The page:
Americans repeatedly endure the unlawful discharge of firearms and the ensuing devastation with increasing regularity. Many occurred when someone other than the registered owner gains access to weapons outside of the methods prescribed by federal or state laws.
One action available to law enforcement and legislators to reduce this type of crime consists of states requiring owners of weapons to ensure their security in order to prevent unauthorized access. A wide variety of implements exist for this purpose such as safes and trigger locks.
Similar to states requiring automobile insurance, the cost of insuring weapon security depends on the age of owner, prior military service, completion of a weapons training course, whether minors live in the home, what method is used to secure and the type of weapons covered. The more secure the weapon, the lower the cost of the insurance. Verification of security rests with the insurance company, not government inspections.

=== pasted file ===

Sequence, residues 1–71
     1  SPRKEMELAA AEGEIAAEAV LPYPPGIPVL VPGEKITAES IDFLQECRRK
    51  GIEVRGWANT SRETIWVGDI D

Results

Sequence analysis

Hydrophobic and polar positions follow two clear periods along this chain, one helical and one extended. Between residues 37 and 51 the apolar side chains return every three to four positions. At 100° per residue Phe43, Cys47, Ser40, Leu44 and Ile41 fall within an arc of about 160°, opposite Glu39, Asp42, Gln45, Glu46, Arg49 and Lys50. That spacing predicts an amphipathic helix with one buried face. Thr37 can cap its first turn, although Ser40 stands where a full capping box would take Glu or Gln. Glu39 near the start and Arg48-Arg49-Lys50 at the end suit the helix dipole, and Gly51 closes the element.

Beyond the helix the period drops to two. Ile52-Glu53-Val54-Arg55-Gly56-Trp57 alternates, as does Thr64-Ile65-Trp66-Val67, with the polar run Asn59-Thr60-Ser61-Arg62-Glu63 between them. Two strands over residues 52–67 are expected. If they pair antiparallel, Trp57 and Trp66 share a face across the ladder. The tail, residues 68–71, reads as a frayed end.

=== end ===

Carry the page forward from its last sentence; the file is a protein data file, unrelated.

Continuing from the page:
Once enacted, if the insurance industry finds itself paying out (to offset the victims’ medical or burial costs) on multiple claims (possibly from a single event) then the insurance industry itself becomes a willing partner with law enforcement and legislators alike to demand a change to the status quo.
The consequences of keeping unsecured weapons are already considered in the recent Nevada incident. If someone uses another’s weapon to commit a crime, prosecutors possess the right to charge the legal owner with crimes, such as aiding and abetting, conspiracy or simply negligence. Those charges are commensurate with the crimes committed by those who obtained the weapon.
One method that federal lawmakers now have to encourage states legislatures to enact weapon security laws is through the dispersion of Homeland Security funds, perhaps a bonus to states that require weapon security.
J. CHRIS HENRY